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1911 | Ostrow Mazowiecka, Poland
Fischel was the oldest of seven children in a Yiddish-speaking, religious Jewish family. When he was a small child, his parents moved the family to Sokolow Podlaski, a manufacturing town in central Poland with a large Jewish population of about 5,000. Fischel was sent to study at a religious school. In 1932, when he was 21 years old, Fischel was inducted into the Polish army.
1933-39: After two years in the Polish cavalry, Fischel returned to Sokolow Podlaski, where he apprenticed to become a carpenter and also led a local Zionist organization. He married and set up a carpentry shop in his home where he made furniture. When Germany attacked Poland on September 1, 1939, Fischel was called up by the Polish army. He was captured by the Germans, but was allowed to return home after fighting ended in October.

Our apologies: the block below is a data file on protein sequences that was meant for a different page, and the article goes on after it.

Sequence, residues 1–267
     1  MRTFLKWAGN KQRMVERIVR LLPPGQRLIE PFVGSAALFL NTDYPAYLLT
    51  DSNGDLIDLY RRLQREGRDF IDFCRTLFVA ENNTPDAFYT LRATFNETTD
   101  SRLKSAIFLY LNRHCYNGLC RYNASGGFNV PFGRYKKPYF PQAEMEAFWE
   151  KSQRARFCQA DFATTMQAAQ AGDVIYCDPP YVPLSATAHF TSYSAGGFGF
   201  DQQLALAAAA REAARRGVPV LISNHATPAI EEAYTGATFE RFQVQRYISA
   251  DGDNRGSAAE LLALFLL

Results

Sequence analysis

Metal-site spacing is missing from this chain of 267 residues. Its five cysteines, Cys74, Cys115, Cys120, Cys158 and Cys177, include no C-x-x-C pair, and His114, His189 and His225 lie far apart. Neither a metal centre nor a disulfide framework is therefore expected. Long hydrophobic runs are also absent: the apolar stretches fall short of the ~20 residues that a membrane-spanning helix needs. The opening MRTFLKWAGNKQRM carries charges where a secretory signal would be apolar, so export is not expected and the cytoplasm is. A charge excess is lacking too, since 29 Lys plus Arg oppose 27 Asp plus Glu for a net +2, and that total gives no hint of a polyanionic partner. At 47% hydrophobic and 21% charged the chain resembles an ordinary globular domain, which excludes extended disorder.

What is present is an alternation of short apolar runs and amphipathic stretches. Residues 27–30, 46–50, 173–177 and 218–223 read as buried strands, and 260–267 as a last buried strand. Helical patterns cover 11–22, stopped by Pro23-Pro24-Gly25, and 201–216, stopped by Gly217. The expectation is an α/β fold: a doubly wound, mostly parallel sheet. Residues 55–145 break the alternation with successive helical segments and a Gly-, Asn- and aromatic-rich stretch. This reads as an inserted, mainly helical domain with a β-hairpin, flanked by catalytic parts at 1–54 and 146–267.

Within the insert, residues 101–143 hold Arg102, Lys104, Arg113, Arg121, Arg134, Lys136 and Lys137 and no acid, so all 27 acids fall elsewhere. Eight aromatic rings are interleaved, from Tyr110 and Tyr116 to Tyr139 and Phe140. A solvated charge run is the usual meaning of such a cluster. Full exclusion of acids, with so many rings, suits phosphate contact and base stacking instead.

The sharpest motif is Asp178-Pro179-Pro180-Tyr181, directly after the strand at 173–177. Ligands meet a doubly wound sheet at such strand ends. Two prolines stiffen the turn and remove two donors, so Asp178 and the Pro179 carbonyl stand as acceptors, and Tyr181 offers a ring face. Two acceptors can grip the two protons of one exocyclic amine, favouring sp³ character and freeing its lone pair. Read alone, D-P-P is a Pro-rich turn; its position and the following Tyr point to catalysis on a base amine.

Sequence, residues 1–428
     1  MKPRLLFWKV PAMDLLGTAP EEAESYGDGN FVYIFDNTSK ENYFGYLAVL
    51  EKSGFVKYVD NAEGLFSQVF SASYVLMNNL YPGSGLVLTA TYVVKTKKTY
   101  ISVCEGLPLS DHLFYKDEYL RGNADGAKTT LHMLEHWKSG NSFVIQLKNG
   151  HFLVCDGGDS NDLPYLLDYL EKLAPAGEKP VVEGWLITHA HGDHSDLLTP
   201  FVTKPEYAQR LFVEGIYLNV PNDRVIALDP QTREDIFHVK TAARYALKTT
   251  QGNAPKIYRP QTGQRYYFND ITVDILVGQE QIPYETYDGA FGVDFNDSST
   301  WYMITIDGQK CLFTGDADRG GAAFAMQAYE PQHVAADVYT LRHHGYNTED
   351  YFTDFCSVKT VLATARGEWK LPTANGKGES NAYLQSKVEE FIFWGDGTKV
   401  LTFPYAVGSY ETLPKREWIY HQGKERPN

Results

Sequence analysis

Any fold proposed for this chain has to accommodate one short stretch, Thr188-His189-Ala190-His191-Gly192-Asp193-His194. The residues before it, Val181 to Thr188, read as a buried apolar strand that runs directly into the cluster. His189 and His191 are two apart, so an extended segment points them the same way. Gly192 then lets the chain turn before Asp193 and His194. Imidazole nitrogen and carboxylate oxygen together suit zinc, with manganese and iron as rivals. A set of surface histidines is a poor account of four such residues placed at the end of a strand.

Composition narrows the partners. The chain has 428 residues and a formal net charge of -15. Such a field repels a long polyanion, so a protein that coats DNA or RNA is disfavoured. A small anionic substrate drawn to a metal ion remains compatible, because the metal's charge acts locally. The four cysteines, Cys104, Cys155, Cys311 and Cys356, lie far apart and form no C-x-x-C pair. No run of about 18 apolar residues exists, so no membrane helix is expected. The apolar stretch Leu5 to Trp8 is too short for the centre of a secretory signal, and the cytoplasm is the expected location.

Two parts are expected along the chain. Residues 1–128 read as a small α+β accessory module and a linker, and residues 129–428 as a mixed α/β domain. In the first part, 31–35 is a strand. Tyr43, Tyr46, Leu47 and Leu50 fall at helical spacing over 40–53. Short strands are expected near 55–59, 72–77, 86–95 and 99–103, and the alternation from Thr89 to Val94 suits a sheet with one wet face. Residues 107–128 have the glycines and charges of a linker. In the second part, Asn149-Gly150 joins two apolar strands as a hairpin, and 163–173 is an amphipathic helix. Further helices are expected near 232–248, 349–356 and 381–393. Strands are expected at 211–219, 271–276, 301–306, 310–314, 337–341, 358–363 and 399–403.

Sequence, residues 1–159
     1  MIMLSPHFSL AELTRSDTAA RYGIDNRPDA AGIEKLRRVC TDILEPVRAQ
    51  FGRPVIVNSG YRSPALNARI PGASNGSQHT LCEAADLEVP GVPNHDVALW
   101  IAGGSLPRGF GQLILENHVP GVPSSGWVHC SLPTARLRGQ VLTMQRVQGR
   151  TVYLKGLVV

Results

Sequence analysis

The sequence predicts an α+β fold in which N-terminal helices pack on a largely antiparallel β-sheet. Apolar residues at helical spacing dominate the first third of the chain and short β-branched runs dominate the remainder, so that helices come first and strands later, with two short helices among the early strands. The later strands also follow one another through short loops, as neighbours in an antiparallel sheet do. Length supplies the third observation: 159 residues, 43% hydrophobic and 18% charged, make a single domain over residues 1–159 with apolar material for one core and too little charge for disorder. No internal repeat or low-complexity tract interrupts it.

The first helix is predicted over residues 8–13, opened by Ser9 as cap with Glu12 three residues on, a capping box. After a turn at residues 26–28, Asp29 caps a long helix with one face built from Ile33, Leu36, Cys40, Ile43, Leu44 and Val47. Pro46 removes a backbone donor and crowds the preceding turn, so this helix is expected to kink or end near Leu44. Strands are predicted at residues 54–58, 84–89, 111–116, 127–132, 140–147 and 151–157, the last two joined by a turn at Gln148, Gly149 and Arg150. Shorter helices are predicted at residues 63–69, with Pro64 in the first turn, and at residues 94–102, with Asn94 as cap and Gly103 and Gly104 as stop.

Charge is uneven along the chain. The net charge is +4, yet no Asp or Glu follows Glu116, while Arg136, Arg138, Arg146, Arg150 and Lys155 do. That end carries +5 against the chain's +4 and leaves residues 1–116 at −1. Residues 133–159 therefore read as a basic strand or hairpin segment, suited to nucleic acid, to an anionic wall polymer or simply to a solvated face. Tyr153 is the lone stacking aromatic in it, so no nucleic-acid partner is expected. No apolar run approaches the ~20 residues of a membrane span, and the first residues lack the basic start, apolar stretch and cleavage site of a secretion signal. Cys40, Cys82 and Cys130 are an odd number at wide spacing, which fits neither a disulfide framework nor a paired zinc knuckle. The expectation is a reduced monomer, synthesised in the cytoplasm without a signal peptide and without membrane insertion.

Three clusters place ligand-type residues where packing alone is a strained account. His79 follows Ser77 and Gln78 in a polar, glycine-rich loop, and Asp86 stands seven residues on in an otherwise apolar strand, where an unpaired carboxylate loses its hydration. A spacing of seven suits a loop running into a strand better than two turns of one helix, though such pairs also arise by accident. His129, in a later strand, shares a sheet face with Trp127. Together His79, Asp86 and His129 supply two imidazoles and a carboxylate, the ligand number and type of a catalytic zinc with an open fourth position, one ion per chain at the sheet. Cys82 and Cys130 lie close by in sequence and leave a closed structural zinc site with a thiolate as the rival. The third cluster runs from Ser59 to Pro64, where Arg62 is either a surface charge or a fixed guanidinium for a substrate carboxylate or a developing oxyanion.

Europe 1943-1944, Treblinka indicated
1940-42: For almost two years, Fischel managed to keep his carpentry workshop open although Sokolow Podlaski was occupied by the Germans. Then on September 28, 1941, the Germans set up a ghetto in the town and concentrated 4,000 Jews there. About a year later, on the most solemn Jewish holiday, the Day of Atonement, the Germans began to round up the people in the ghetto. Those who resisted or tried to hide were shot. With his wife and child, Fischel was herded onto the boxcar of a train.
On September 22, 1942, Fischel and his family were deported to the Treblinka extermination camp and gassed there shortly after arriving. He was 31 years old.